Jay had great motor skills and fiddly fingers – the perfect combination for both games and for building things. He also had a fine sense of design and proportion and he used them to great effect building massive sets to fill the Great Hall at City College with crews solicited from the acting program. He had enough of the performer in him that the students related to. It was a testament to his ability to make the hard work fun that kept them coming back for more. Eventually he taught stagecraft and that provided him with steady labor for the many productions he built and designed. His carpentry skills also served to make a lot of the furniture he lived with. He claimed to be nothing more than a stage carpenter: it all looks great from ten feet away.
Supporting all his endeavors was his extended large, boisterous, loud and loving family. A cousin wrote, “When I was a kid none of my friends believed I really liked my cousins. Even in college people were skeptical when I looked forward eagerly to holidays. They just didn't have the right cousins. And to love and enjoy the extended members too. What a blessing. All those wonderful years - whether we were close geographically or not.” Jay was always a favorite with the younger generation because he would play and playact with them. They stole his shoes and giggled when he made a big dramatic fuss. He was silly and completely unselfconscious about it, a trait that everyone who knew him recognized and loved.
He claimed he wasn’t any good at sports, but was on his high school swim team where he excelled in the butterfly stroke. His brother and cousin taught him to scuba dive before anyone knew what that was. He met Jacques Cousteau when he was ten and got an autograph that said “Down you go” and so he did. He loved the water but especially Lake Superior where he spent time every summer until his final year. And he loved the 1929 Thompson wooden boat that was his father’s. He worked hard to maintain its integrity and then shared those skills with a friend at Staging Techniques who spent many years building a boat with lots of help in the shop on 39th St. He served as a “commissioner” of a rather large company football pool made up of employees, spouses and other interested friends, and was to be found watching a game on Sunday afternoons whenever possible. A friend and football fan remembers, “From my perspective I know I loved his silliness and word play. Always inverting things, Baby Horsies for the Colts always comes to mind.” In his later years he became a Yankees fan, though he continued to root for his hometown Cubs.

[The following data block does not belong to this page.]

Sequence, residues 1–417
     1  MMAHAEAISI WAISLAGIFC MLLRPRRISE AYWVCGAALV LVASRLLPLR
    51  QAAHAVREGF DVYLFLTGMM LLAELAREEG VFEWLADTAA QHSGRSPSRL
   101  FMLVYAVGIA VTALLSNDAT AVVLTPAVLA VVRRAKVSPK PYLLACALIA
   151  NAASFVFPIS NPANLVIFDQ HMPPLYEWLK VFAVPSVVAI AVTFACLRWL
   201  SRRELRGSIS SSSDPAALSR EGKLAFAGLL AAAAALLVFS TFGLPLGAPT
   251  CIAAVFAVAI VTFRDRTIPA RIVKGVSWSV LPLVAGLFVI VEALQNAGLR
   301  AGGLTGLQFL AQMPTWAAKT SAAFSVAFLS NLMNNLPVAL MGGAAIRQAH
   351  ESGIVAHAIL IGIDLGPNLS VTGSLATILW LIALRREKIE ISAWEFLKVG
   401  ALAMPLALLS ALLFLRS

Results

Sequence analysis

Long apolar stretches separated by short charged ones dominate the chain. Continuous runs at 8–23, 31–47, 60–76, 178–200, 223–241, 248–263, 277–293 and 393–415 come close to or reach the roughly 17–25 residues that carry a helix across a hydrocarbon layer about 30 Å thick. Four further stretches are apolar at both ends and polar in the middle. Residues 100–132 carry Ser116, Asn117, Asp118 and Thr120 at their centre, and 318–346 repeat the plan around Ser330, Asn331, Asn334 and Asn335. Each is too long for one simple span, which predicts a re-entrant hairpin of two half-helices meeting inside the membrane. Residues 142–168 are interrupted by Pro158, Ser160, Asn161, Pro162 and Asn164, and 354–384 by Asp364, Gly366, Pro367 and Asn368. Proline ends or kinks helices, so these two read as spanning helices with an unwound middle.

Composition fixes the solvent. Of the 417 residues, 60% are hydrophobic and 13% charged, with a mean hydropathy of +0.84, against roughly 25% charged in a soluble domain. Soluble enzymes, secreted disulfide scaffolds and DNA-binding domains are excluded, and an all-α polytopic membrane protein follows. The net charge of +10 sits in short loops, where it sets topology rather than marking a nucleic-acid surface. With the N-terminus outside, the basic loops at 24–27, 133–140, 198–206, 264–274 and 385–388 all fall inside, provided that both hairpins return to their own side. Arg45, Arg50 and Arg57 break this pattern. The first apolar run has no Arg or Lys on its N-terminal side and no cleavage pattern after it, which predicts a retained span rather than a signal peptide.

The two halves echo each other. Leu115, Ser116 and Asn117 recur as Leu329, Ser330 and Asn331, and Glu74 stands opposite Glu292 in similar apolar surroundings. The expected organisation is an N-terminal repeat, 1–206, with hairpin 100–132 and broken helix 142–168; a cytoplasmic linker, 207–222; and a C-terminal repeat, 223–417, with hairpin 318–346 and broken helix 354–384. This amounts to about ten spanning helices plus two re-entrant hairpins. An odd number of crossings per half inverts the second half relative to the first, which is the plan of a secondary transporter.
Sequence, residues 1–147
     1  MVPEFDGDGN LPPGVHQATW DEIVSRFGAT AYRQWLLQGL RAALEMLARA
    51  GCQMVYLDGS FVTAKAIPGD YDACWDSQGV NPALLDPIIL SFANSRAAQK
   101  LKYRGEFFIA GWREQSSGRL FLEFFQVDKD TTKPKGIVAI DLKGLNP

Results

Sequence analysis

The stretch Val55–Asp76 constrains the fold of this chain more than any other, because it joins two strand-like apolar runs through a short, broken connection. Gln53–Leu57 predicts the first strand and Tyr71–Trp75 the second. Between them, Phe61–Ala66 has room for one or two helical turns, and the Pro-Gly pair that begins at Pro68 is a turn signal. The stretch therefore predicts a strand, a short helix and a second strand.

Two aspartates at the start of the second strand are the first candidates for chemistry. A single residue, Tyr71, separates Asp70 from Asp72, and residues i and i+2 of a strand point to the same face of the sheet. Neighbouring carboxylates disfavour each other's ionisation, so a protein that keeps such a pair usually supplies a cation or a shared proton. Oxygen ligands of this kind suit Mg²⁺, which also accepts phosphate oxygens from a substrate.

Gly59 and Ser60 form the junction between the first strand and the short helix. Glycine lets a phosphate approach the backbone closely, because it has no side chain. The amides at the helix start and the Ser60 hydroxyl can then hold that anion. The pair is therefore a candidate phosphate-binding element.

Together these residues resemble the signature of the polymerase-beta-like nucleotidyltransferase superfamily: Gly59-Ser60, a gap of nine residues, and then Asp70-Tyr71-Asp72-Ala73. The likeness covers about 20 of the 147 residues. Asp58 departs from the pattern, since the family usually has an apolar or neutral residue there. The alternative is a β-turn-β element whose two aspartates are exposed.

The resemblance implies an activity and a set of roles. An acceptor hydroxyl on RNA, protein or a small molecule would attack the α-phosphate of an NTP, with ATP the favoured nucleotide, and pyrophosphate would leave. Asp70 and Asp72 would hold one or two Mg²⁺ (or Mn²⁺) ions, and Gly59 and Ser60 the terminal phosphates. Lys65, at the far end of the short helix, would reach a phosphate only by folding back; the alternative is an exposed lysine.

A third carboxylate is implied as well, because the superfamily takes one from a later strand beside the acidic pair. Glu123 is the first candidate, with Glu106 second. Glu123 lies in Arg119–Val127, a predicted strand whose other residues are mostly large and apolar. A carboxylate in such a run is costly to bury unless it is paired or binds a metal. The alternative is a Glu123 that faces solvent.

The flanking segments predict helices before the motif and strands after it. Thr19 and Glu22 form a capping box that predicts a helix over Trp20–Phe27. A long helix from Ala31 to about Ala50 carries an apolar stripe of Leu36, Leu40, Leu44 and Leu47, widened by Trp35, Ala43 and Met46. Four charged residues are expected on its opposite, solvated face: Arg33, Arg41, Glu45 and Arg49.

A New Yorker since 1972, he was a natural tour guide and advocate for his adopted city. His interest in both history and architecture was huge and he loved showing his city to visitors. While teaching at City College he met Deanna, known as Dee, a native New Yorker who had grown up in the theatre, and proposed in a hansom cab in Central Park four years later. A generous host, he and Dee held many dinner parties and other social events for friends and neighbors who became his NY family. A friend noted “He was always raving about Dee's cooking. She was amazing. Sweeping his hand over his plate and exclaiming how fortunate he was, even overcoming a life long antipathy to eggplant, such was the power of his love for Dee”. A downstairs neighbor dubbed them “The Louds” for the racket made cleaning up after such parties. In 1990 he and Dee bought a weekend house in the Catskills, and for the next 20 years they delighted in walking the deep wooded trails around the house, often with the cats as company, as well as swimming in the spring-fed lake. They enjoyed discovering critters and birds, though it was Jay alone who was forever rescuing chipmunks from the cats.
He loved comedy, from old episodes of the “Three Stooges” to “Rocky and Bullwinkle.” Victor Borge’s musical humor tickled him, but Monty Python made him howl with laughter. He loved to perform his own “Ministry of Silly Walks”. He was a huge fan of Pixar animation and Terry Gilliam films. In later years he wouldn’t miss Jon Stewart or Bill Maher for political satire. Devoted to public television and radio, he supported them and several animal rights organizations, along with the ACLU for many years. His musical tastes ranged from classical to folk and rock ‘n roll, but he had a particular love for old-timey jazz from the 20s.
Like the many cats he adored and lived with, Jay seemed to have nine lives. He was badly burned in the early 70s when a generator spewed gas on him and ignited while working with the Puerto Rican Theatre Company one summer in NY. He healed remarkably well and showed few scars other than a loss of hair on his ankles. Not particularly mindful of his health, he tore an ACL in a knee and later developed a hernia, neither of which he had surgically repaired – he didn’t want to take the time out of his busy and productive life. He had an accident with a power tool that required microsurgery on his left hand to repair tendons and nerves but eventually he recovered very well from that. He ran full tilt, lived large and loud, and did very little in moderation. His addiction to cigarettes ultimately caught up with him and he was diagnosed with emphysema and then in 2011 with lung cancer. Following years of treatments, he died at home in the company of Dee and others who loved him.
Jay will rest at the Copper Harbor Cemetery in the Keweenaw, the place he loved best, beside his parents and brother, Bruce, who predeceased him. There will be a graveside memorial service on July 28, 2016 led by Dan Rosemergy, his favorite pastor and friend to the Martin clan for many years. They come together every summer in late July for the annual Central Mine Reunion services in which Jay sang bass in the choir for more than 30 years. It was a highlight of his summer vacation. He is survived by his wife of 35 years, Deanna Greenwood (nee Weiner), sisters Carolyn Meyer (Charles), Constance Martin, and many loving cousins, nephews and nieces, neighbors and friends.